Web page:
Nuendo Live vs Cubase 10

Hi all. I’m a live sound engineer and I’ve just been looking at Nuendo Live and Cubase 10.

I’ve been thinking for a while that it would be useful to have some recording software to use for the odd recording and potentially virtual soundchecks. It’s certainly nothing I need right now, but it always pays to have the tools available when the situation arises. Many years ago I used Cubase and Nuendo at university (I think Cubase 3 and whatever version of Nuendo was out around the same time) so when I saw the 50% off sale on Cubase I thought I’d take the opportunity. However when I looked this up I also saw Nuendo Live, which is a product I’m not familiar with.

Can somebody please explain to me the difference between the two? Even after discount Nuendo Live is about half the price of Cubase 10 Pro, but then I assume Cubase has a lot more features to make it worth the money.

Hi and welcome,

Nuendo Live is meant to be for a recording only. No editing at all. It’s very light software with comparison to Cubase. So you should be able to record more tracks on the same system (comparison to Cubase). You get also a specific features (only for recording), like dedicated Recording Panel with an option to lock a keyboard, to make sure no one would interrupt your recording (or yourself) by accident.

If you want to edit the recorded material, you have to export it (AAF) and edit (mix) in other software (like Cubase, Nuendo or 3rd party DAWs).

So if you are focused on recording only, then Nuendo Live could be your choice. If you also mix and edit the records, you should go for Cubase or Nuendo.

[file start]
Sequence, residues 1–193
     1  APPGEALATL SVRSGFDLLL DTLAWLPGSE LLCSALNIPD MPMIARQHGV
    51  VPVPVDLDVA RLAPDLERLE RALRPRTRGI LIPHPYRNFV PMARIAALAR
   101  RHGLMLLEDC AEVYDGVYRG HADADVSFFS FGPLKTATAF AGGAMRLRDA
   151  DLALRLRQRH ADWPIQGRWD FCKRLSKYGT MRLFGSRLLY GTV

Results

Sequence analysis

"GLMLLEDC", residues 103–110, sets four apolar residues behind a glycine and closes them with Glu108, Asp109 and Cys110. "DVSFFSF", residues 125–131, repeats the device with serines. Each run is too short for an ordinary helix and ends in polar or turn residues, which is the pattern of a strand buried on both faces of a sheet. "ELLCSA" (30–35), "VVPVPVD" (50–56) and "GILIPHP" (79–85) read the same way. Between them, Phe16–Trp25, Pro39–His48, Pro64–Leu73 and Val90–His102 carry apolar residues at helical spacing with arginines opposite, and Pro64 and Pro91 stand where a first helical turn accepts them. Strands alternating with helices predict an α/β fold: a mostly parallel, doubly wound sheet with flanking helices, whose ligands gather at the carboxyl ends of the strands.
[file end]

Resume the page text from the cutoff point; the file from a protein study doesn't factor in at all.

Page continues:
If all you want to do is capture multichannel live sound, then you possibly don’t need any additional software at all, for example RME interfaces come with the excellent DigiCheck which is anything but glamorous, but records everything bit-perfectly – as long as your hardware is RME. If you’re happy with your current hardware and want something that will work with all ASIO interfaces, then Nuendo Live would be a good choice.

On the other hand you could also get Cubase Elements 10 at the moment for a mere fifty bucks, upgrade later, but Cubase wouldn’t be my personal weapon of choice for live recording … so it really depends on where you’re at, and where you want to go. The bargains on Cubase are the best ever … but no point in buying something unsuitable, or that you’ll never use.


Be aware, Cubase Elements has a limited number of physical Audio Inputs, same as a limit of Audio tracks count.